Resource Recycling News

In other news: April 18, 2016

In other recycling newsA worker was killed in a MRF accident in Nebraska shortly after the publication of an article highlighting the often-dangerous working conditions in the recycling industry.

Industry injuries report: highlighted worker deaths and injuries in the recycling industy, detailing a number of incidents around the country where employees of recycling operations were put in extremely dangerous conditions.

Fatal accident: One man was killed and another injured when a skid-steer loader knocked over a concrete divider at Mid-America Recycling, according to The Occupational Safety and Health Administration will investigate the accident, which occurred at the company’s Lincoln, Neb. materials recovery facility.

Enforcement vs. privacy: A judge in Washington is expected to rule soon in a Seattle case involving organics diversion enforcement and privacy concerns, according to KOMO News. Plaintiffs in the case say Seattle collectors are violating their privacy by digging into garbage cans to see if there are food scraps, which are banned from disposal.

Water bottle recycling: General Motors Co. is working with multiple recycling companies to divert water bottles generated at GM facilities from the waste stream and recycle them. The PET containers are being recycled into noise-dampening engine covers in the Chevrolet Equinox, among other uses.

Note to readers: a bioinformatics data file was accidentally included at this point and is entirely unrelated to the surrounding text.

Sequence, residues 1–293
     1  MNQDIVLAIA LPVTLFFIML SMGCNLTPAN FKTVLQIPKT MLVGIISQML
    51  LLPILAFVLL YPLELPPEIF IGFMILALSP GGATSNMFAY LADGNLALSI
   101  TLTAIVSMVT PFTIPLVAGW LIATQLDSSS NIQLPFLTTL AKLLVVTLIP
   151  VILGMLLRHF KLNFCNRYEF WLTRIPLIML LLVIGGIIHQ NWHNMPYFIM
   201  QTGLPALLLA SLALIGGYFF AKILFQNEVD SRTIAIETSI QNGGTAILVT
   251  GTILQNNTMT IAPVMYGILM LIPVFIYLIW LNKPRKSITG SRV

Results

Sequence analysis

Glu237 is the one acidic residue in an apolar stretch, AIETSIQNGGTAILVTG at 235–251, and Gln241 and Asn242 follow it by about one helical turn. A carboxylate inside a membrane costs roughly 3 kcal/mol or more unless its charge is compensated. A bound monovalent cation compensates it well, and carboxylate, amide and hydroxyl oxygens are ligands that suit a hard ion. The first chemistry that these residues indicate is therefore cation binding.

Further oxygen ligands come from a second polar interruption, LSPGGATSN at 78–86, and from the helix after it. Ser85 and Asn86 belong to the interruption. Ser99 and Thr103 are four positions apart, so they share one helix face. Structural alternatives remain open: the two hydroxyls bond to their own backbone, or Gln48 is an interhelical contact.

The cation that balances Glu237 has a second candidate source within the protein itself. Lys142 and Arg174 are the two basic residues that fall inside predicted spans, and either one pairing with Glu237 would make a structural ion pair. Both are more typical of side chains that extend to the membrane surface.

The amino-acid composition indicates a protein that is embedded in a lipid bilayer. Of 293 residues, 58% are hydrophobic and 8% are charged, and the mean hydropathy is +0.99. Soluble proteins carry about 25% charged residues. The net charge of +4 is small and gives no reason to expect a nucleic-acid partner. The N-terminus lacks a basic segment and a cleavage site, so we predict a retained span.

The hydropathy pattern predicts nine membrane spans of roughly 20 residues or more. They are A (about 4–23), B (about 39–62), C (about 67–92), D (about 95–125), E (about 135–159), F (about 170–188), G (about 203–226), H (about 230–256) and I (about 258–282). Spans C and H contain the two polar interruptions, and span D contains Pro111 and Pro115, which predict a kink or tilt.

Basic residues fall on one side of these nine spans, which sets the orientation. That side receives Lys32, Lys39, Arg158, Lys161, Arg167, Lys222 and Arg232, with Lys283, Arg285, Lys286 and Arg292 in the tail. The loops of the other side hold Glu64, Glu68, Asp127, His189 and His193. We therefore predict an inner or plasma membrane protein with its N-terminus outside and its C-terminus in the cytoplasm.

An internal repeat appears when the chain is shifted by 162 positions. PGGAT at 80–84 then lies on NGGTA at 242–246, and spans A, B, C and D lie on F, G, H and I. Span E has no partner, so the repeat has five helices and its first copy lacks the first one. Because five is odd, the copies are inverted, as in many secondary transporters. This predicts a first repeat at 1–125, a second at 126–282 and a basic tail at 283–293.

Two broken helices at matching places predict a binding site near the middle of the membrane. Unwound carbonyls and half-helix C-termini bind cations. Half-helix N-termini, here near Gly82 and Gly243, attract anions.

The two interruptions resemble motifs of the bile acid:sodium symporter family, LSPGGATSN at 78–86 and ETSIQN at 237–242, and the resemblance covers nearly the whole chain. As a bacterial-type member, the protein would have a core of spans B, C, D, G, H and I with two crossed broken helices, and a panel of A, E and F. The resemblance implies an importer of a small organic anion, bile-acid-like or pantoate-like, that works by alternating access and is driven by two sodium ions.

Recycling education: Care to Recycle, an initiative of Johnson & Johnson Consumer Inc., is sharing creative do-it-yourself projects with parents to help them educate their children about recycling items found in the bathroom. The effort comes after a survey showed less than 1 in 5 people have a bathroom recycling bin.

Apple’s recycling: Global electronics company Apple recycled more than 61 million pounds of steel, plastic, glass, aluminum and other materials through its electronics recycling initiatives last year. reports that steel made up the heavist fraction, at more than 23.1 million pounds, followed by plastics (13.4 million pounds), glass (11.9 million pounds) and aluminum (4.5 million pounds).

Contamination concerns: Two recycling drop-off depots in the Chicago area will close down because roughly 80 percent of what has been deposited is garbage, according to the Post-Tribune. To get tough on rural residents and apartment dwellers who are avoiding paying for garbage service by dumping trash there, the Lake County Solid Waste Management District plans to install new signs and security cameras to record vehicle license plates.

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